Science Videos

from AP, Reuters, AFP, and other news services

Used Fry Oil Provides Electricity in Austria

Date:
October 4, 2011
Source:
Deutsche Welle / Powered by NewsLook.com
Summary:
In Austria's state of Tyrol, electrical currents and heat are being produced from old cooking fat. After frying, restaurants and private households collect the used oil for a regional combined heating and power station.


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last updated on 2014-04-24 at 5:08 pm EDT

London Sewer Fat the Next Renewable Fuel

London Sewer Fat the Next Renewable Fuel

Reuters (Apr. 23, 2013) Turning a menace - into a renewable energy source. Oil and fat which currently costs Thames Water in London millions to clear every year is being collected and used to power a new electricity plant. As Joanna Partridge reports the project - the biggest of its kind in the world - is being seen as a model for other cities.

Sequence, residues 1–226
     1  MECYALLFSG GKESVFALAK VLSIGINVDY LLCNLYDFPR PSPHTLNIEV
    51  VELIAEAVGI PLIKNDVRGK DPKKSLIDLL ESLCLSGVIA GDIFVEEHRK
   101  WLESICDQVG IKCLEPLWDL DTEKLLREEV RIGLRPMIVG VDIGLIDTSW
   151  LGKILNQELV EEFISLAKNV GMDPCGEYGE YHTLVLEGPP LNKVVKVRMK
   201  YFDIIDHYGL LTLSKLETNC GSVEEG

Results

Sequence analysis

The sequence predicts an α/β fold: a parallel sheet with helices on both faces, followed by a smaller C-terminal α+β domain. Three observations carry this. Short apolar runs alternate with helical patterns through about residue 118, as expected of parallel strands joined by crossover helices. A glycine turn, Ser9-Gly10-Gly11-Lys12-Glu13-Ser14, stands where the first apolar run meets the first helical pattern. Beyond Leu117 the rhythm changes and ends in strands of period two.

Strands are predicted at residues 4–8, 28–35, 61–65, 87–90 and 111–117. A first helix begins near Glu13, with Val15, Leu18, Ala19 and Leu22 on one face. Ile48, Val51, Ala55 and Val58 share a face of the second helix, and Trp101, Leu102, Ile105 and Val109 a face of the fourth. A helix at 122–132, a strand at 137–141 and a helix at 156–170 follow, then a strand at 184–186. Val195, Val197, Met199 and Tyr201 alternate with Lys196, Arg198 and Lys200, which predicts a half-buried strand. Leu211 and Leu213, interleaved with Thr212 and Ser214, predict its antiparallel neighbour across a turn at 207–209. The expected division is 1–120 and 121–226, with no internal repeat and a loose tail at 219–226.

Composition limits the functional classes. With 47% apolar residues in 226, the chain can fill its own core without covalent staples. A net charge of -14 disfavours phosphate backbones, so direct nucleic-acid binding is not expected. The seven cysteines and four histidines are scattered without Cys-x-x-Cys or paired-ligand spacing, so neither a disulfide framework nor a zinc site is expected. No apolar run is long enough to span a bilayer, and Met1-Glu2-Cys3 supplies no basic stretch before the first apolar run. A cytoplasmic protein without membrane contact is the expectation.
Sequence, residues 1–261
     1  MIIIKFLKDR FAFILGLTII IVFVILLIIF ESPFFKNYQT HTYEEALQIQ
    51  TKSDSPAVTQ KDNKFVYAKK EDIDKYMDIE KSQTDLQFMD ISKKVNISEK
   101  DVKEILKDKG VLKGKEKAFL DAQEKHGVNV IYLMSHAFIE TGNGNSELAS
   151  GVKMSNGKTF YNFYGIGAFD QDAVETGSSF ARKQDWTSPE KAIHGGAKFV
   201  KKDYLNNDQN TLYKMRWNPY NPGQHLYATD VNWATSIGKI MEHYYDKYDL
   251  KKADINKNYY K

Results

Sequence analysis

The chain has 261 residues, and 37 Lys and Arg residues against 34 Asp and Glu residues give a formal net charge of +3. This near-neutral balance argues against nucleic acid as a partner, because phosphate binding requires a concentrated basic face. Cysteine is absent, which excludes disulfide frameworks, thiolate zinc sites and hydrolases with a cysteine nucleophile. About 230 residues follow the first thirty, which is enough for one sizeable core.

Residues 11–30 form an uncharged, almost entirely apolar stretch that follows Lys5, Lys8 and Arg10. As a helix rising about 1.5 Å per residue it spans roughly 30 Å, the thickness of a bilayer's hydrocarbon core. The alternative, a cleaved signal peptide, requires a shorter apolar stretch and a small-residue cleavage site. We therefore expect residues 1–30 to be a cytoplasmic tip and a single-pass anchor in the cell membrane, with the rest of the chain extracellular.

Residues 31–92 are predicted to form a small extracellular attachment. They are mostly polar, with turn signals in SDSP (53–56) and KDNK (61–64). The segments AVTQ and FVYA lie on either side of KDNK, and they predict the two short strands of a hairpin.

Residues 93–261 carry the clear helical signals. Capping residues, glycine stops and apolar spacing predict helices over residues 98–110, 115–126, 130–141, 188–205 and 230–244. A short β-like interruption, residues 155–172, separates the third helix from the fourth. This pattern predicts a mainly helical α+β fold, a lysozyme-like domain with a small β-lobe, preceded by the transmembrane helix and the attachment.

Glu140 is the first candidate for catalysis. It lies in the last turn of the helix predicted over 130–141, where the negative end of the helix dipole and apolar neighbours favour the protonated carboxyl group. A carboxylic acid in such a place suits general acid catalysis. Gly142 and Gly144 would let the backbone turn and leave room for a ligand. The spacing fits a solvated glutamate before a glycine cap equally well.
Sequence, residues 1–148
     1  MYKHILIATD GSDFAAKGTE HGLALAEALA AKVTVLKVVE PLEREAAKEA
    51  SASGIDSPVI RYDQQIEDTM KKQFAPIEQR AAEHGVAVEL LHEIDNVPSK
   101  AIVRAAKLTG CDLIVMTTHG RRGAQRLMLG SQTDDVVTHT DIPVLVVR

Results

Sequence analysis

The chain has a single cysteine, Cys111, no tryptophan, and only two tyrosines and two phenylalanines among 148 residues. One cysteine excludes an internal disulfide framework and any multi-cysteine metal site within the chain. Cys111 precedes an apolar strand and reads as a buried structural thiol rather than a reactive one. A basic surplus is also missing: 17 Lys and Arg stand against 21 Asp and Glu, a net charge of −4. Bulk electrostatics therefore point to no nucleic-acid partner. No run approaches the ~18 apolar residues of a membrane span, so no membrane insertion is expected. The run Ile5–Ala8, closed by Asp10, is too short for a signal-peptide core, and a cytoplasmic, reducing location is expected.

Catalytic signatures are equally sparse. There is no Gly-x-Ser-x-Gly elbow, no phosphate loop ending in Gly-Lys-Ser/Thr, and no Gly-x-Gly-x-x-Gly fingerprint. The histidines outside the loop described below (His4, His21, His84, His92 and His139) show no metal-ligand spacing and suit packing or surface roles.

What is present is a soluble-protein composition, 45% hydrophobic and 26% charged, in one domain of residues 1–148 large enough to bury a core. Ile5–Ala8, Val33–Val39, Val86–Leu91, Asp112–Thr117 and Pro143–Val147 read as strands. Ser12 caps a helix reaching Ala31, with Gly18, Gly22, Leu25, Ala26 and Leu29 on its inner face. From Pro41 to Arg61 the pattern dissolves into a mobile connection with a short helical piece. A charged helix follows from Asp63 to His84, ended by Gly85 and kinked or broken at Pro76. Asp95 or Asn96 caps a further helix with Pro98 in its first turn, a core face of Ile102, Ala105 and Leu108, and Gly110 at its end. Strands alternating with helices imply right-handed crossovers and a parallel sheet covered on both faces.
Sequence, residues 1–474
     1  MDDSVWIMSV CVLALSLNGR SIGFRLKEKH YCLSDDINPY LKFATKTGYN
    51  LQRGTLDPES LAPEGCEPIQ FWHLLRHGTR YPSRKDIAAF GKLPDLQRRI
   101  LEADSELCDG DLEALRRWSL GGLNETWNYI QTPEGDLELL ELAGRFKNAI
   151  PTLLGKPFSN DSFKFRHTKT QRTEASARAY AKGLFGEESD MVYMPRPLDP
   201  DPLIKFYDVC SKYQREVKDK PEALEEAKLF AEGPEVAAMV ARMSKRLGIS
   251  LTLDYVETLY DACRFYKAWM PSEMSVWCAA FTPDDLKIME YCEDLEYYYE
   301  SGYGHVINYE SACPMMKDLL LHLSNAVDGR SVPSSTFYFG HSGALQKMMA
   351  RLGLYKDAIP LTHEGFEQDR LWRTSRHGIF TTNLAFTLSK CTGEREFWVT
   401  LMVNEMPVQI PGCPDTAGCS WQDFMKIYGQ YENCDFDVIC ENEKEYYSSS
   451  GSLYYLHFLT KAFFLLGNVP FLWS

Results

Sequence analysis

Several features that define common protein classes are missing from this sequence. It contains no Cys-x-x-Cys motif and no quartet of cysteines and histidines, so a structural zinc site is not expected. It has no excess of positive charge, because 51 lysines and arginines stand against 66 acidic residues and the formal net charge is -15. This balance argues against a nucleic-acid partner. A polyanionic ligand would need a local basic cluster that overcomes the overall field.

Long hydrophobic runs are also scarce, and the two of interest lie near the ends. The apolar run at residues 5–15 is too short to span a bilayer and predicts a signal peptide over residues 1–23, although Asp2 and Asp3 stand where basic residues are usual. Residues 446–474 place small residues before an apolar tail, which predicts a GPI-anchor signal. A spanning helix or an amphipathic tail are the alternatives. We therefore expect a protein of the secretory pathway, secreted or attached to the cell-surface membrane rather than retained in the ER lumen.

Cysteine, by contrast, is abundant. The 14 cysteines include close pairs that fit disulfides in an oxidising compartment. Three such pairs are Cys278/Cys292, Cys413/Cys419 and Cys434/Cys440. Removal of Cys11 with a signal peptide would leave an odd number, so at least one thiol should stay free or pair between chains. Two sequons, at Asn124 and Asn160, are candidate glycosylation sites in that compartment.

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The Virtualizer Takes Gaming to Next Level

The Virtualizer Takes Gaming to Next Level

Reuters - Innovations Video Online (Jan. 27, 2014) A prototype gaming system being developed by scientists in Austria is taking virtual reality to a new level, allowing gamers to physically walk or run through their virtual world. Its inventors at the Vienna University of Technology say 'The Virtualizer' could also be used to help stroke patients regain their ability to walk. Jim Drury reports.
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Laser Beaming Could Make Power Lines Obsolete

Laser Beaming Could Make Power Lines Obsolete

Reuters (Dec. 11, 2012) A company in Washington state is developing wireless technology that delivers electricity via laser beams. The scientists and engineers who run the company, Lasermotive, are using the lasers to power aerial drones but say their technology could also replace conventional power lines to deliver electricity to homes.
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SE Indonesia: Hydroelectric Power for Villages

SE Indonesia: Hydroelectric Power for Villages

Deutsche Welle (June 17, 2013) A third of all Indonesians have no access to electricity. Agricultural engineer Tri Mumpuni refused to accept this state of affairs. Her non-profit organization IBEKA, which she founded in 1993 with her husband Iskandar Kuntoadji, installs micro-hydro power plants in Indonesian villages. They not only supply electricity but also jobs and expertise into rural areas. 54,000 Indonesians are already profiting from this green power.
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